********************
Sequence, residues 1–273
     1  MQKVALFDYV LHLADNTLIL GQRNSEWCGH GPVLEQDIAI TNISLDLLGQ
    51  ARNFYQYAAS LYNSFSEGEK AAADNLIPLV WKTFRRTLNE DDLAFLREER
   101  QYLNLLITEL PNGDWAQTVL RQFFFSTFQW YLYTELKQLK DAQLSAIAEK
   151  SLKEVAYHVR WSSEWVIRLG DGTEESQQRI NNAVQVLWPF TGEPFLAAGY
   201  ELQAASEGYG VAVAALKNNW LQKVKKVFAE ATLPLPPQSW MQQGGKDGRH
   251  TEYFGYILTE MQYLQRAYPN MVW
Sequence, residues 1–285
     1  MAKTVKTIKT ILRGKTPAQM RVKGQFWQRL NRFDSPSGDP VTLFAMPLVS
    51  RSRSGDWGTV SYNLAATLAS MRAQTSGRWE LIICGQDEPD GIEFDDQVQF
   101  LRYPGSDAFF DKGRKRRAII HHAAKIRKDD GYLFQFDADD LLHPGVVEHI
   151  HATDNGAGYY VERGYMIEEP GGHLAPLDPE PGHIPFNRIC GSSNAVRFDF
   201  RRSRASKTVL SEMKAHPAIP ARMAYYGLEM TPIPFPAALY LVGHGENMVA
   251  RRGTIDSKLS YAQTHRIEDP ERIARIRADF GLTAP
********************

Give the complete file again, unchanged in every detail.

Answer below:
Sequence, residues 1–273
     1  MQKVALFDYV LHLADNTLIL GQRNSEWCGH GPVLEQDIAI TNISLDLLGQ
    51  ARNFYQYAAS LYNSFSEGEK AAADNLIPLV WKTFRRTLNE DDLAFLREER
   101  QYLNLLITEL PNGDWAQTVL RQFFFSTFQW YLYTELKQLK DAQLSAIAEK
   151  SLKEVAYHVR WSSEWVIRLG DGTEESQQRI NNAVQVLWPF TGEPFLAAGY
   201  ELQAASEGYG VAVAALKNNW LQKVKKVFAE ATLPLPPQSW MQQGGKDGRH
   251  TEYFGYILTE MQYLQRAYPN MVW
Sequence, residues 1–285
     1  MAKTVKTIKT ILRGKTPAQM RVKGQFWQRL NRFDSPSGDP VTLFAMPLVS
    51  RSRSGDWGTV SYNLAATLAS MRAQTSGRWE LIICGQDEPD GIEFDDQVQF
   101  LRYPGSDAFF DKGRKRRAII HHAAKIRKDD GYLFQFDADD LLHPGVVEHI
   151  HATDNGAGYY VERGYMIEEP GGHLAPLDPE PGHIPFNRIC GSSNAVRFDF
   201  RRSRASKTVL SEMKAHPAIP ARMAYYGLEM TPIPFPAALY LVGHGENMVA
   251  RRGTIDSKLS YAQTHRIEDP ERIARIRADF GLTAP